Archive for Friday, July 21, 2000

Palmer to make 1,000th start

July 21, 2000


— When Arnold Palmer tees off today in the Senior PGA Tour's Instinet Classic, it will mark the 70-year-old star's 1,000th PGA Tour-Senior PGA Tour event.

He made his first tour start in 1949 as a 19-year-old amateur in the Dapper Dan Open, played an hour from his hometown of Latrobe, Pa. He shot 76-75-76-76 at Pittsburgh's Alcoma Country Club to finish last out of 54 players.

"I played with Freddie Haas, who broke Byron Nelson's streak of 11 straight wins a few years before," Palmer said Thursday before playing in a pro-am at the TPC at Jasna Polana.

"George Lowe won the purse money. Jimmy Demaret played the piano all night, and George Schoux drove his car onto the 18th fairway and, with his headlights heading down the fairway, he practiced in the middle of the night."

Palmer has 60 PGA Tour victories (fourth on the career list), including seven majors, and 10 senior tour wins, including five majors. He was the first superstar in golf's televised era, and was a two-time Player of the Year and The Associated Press' Athlete of the Decade in the 1960s.

Palmer joins Miller Barber, Gay Brewer and Dave Eichelberger as the only men to play in 1,000 tournaments.

"It's not a significant thing to me," he said. "I feel glad I've been able to play 1,000 events, but more significant is the fact I've had 50 great years to get those thousand under my belt and to be fortunate enough to win the ones I've won.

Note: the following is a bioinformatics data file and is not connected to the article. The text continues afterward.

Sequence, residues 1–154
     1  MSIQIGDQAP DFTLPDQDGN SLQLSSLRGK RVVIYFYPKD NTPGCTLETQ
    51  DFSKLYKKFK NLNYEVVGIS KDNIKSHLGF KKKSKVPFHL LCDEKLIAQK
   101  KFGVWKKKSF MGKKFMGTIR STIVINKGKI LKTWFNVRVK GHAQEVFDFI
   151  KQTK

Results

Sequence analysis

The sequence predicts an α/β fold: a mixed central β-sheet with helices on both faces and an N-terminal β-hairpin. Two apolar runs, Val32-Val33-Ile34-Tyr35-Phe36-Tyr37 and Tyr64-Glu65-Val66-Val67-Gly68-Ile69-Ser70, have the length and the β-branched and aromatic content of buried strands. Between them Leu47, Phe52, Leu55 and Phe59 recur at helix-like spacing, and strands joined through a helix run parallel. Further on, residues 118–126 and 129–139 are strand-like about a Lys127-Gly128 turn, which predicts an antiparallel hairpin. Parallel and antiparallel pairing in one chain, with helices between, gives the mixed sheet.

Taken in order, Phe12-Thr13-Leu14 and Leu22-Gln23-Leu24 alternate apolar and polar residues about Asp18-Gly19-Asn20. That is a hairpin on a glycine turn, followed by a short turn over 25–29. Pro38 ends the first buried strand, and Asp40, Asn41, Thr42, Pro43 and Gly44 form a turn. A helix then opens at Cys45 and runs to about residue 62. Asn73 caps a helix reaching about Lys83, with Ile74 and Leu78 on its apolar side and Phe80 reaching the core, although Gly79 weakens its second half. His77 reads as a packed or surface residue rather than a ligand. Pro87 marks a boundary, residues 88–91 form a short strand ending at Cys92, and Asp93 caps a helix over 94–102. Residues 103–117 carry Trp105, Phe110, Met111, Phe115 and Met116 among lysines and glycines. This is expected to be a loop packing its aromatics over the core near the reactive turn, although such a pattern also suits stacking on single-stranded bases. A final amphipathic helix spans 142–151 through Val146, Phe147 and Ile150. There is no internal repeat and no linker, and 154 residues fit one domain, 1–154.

"I played golf because I enjoyed it. I'm sorry I didn't win a lot more, but it doesn't bother me or my lifestyle.

"I don't think it would be any fun winning every golf tournament or winning everything I thought I should have won. If I did that, I wouldn't have anything to look forward to. Now, I do."

Palmer has not won an official event since the 1988 Crestar Classic and has gradually cut back his schedule since turning 65.

This will be Palmer's ninth senior event this season. His highest finish is a tie for 68th in the GTE Classic.

Still, Palmer remains one of golf's most popular figures, as witnessed by the large gallery that followed him Thursday.

"Whether he plays good or bad or in between, people love to see him out here playing," Lanny Wadkins said. "Every time he plays right now, he's basically giving back to the game. You have to take your hat off to Arnold for continually supporting golf and the tour by coming out and playing."

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